Shozo Shimamoto's Bottle Crash (1991) sold for £269,000 ($331,139) in Christie's Asobi sale of Japanese and Korean post-war art.
The auction took place in London on October 11.
Bottle Crash was created using the artist's idiosyncratic technique of launching glass bottles filled with paint at a rock placed in the centre of the canvas.
As the artist explained: "I think the throwing of bottles as a method of painting is a form of study of the unknown.
"More than anything else, I find stimulation in the materialisation of an unpredictable expression."
Shimamoto was a founding member of Japan's avant garde Gutai group (founded in 1954), who sought to combine performance and fine art.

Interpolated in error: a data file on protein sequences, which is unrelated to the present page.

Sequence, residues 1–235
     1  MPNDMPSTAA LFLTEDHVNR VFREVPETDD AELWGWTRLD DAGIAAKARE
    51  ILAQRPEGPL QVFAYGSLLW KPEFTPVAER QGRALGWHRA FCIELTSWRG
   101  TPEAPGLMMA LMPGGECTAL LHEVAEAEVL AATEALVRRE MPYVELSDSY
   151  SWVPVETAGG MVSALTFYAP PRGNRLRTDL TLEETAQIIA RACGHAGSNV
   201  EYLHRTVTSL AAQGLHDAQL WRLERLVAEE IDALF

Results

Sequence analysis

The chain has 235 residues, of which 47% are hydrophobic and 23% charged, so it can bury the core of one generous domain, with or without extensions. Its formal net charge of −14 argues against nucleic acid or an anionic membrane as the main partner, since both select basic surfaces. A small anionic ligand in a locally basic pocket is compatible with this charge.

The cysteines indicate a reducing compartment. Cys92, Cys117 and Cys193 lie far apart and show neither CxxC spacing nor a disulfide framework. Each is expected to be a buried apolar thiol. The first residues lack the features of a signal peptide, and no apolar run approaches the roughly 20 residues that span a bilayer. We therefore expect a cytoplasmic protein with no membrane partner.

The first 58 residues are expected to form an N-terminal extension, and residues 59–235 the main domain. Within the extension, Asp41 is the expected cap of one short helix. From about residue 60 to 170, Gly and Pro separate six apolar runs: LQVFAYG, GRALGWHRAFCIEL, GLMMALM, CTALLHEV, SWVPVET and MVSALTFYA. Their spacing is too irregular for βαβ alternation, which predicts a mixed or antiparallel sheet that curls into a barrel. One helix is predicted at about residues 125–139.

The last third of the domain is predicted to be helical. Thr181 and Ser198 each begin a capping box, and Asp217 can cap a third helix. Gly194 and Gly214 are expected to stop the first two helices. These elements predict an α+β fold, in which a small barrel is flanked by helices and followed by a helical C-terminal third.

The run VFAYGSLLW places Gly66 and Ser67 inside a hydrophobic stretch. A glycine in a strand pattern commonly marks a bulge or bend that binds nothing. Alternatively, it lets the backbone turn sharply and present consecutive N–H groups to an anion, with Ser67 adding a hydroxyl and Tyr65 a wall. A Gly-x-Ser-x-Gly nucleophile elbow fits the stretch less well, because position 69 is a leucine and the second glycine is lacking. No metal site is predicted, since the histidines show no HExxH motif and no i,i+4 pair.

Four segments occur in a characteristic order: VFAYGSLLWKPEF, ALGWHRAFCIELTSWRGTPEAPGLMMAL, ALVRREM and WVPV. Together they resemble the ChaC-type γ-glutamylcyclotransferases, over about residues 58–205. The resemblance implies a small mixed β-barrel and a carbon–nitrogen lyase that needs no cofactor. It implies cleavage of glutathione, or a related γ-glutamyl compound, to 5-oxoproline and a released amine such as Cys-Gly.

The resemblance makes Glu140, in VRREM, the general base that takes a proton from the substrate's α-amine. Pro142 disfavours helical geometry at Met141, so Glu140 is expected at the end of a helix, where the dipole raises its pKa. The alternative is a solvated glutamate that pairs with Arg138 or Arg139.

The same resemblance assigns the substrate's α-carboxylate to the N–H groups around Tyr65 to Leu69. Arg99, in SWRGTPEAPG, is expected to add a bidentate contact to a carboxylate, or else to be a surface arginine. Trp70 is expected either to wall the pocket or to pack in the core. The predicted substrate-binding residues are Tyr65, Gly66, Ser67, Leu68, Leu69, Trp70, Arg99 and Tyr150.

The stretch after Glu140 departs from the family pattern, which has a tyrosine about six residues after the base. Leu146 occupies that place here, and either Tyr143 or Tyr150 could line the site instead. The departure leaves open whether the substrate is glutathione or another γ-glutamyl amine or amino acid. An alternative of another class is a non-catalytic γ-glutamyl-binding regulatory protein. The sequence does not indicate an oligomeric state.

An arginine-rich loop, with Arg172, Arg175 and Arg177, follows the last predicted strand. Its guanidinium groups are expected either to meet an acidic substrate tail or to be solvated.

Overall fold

It was a key influence on the experimental Fluxus movement in the west during the 1960s.
Vigorous (1991), a canvas by another key Gutai group member named Kazuo Shiraga, achieved £221,000 ($272,051).
Like Shimamoto, Shiraga had an approach to painting that could only be described as innovative.
He would swing from a rope suspended from the ceiling of his studio, scraping the paint with his feet along the way.
This piece dates from the early 90s, when he was living as a Buddhist monk.
Another work by Shiraga is expected to make up to $3m in a sale at Phillips in November.
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